The third annual Evolution Weekend, February 8-10, will be marked by members of more than 100 Episcopal congregations calling upon scientists and science educators in their communities to employ their skills as preachers and teachers according to Phina Borgeson writing for Episcopal Life Online.
One important goal of the observance is “to elevate the quality of the discussion on [religion and science] — to move beyond sound bytes” notes Michael Zimmerman, founder of the initiative.
Evolution Weekend is an outgrowth of the Clergy Letter Project, signed by more than 11,000 religious leaders of many denominations who recognize the compatibility of evolutionary theory and Christian belief. Formerly Evolution Sunday, the name has been changed to embrace all faith traditions.
“Preaching positively about science can strengthen the credibility of church leaders at a time when our voices are sorely needed in important debates about abortion, stem cell research, cloning, resource sustainability, and other issues,” says Peter M. J. Hess, faith project director at the National Center for Science Education (NCSE).
“Creationism — in both its ‘Young Earth’ and its ‘Intelligent Design’ variants — continues to trouble congregations. This rises to the level of scandal when a pastor of an educated congregation preaches a world view that disregards the work of astronomers, geologists, biologists, geneticists, and practitioners of a host of other sciences, some of whom may be members of the congregation,” he adds. “The pulpit is a powerful tool, and one way to use it in the service of truth is to participate in some way, small or great, in the observation of Evolution Weekend.”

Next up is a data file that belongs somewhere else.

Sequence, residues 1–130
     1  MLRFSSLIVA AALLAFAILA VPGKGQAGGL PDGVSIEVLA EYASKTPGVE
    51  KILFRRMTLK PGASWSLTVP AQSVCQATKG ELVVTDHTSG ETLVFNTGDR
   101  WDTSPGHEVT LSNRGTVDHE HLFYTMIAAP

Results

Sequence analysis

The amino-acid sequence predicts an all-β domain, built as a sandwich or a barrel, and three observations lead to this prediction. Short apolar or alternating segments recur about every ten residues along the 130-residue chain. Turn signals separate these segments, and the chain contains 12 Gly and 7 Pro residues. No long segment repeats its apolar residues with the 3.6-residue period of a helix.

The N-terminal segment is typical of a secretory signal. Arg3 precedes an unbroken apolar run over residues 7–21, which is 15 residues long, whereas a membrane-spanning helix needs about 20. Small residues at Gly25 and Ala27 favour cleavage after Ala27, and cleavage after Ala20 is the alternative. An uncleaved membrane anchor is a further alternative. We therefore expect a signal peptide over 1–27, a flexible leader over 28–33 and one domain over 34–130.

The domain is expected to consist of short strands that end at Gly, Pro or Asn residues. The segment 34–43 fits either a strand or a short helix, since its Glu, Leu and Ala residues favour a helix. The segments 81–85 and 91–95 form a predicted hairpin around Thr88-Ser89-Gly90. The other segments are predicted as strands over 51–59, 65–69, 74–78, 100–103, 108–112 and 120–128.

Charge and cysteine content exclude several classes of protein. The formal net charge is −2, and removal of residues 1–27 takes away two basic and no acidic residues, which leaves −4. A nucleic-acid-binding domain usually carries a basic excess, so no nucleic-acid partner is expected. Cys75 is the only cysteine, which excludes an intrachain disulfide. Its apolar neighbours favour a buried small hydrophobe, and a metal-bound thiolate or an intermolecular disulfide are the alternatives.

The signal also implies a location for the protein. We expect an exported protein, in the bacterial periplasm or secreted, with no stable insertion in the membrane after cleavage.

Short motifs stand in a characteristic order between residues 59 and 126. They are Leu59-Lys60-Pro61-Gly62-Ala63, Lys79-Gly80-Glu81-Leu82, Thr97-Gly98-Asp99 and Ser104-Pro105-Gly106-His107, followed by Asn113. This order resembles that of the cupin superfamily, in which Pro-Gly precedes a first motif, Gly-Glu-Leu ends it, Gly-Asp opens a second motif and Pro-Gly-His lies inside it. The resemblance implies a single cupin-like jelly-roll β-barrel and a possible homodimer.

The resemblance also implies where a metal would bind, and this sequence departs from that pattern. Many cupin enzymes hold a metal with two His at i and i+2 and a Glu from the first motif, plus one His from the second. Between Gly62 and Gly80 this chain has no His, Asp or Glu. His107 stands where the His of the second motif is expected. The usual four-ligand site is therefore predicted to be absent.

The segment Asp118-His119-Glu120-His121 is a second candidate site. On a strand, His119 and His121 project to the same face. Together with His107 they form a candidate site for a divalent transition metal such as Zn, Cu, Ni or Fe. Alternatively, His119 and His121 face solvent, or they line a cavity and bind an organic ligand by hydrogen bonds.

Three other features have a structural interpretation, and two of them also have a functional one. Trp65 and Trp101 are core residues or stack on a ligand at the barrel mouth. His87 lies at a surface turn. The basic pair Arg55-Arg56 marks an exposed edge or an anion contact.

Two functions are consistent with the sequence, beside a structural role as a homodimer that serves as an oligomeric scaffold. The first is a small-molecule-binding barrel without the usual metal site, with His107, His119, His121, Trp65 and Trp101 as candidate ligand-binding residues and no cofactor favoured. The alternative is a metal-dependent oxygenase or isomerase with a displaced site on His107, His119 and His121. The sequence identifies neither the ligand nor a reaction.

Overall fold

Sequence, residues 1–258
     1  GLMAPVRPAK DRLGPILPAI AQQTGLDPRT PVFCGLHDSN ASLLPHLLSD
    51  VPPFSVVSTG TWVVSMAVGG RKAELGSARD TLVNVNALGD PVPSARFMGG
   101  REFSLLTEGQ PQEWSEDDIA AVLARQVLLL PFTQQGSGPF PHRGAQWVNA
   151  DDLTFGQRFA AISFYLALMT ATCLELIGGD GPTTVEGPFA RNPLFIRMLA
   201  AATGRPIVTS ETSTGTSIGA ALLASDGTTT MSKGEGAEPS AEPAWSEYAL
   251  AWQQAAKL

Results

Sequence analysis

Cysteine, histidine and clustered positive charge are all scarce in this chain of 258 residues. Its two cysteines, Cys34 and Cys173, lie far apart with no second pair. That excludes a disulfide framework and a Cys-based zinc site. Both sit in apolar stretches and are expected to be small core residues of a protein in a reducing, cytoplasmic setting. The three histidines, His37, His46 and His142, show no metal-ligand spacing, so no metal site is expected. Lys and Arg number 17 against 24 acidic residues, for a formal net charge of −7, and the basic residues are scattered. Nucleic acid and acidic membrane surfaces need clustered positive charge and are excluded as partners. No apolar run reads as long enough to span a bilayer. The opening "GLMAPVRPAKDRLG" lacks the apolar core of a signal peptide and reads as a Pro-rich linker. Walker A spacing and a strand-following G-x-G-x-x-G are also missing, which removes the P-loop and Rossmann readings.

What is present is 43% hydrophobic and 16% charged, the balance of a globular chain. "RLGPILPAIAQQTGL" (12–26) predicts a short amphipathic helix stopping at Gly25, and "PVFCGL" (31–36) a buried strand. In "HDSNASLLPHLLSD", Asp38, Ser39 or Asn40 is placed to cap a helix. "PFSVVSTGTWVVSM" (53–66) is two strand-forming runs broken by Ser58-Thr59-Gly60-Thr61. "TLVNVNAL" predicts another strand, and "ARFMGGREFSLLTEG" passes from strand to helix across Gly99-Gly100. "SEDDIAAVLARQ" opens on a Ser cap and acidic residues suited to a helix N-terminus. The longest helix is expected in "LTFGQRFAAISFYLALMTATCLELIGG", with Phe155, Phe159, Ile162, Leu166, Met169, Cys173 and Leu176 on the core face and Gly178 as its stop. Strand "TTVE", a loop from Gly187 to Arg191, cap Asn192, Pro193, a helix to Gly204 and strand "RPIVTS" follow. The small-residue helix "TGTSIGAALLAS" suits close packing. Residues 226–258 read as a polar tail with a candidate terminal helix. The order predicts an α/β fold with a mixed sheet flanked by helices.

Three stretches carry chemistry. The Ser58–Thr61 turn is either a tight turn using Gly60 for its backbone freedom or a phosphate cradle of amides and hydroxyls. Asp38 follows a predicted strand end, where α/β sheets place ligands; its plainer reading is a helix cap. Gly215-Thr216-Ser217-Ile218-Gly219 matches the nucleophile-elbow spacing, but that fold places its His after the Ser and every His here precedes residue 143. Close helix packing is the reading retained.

Read the whole article here.
A Catechism of Creation: An Episcopal Undertanding here
Science, Evolution, and Creationism from the National Academy of Sciences.
Ideas for participating in Evolution Weekend here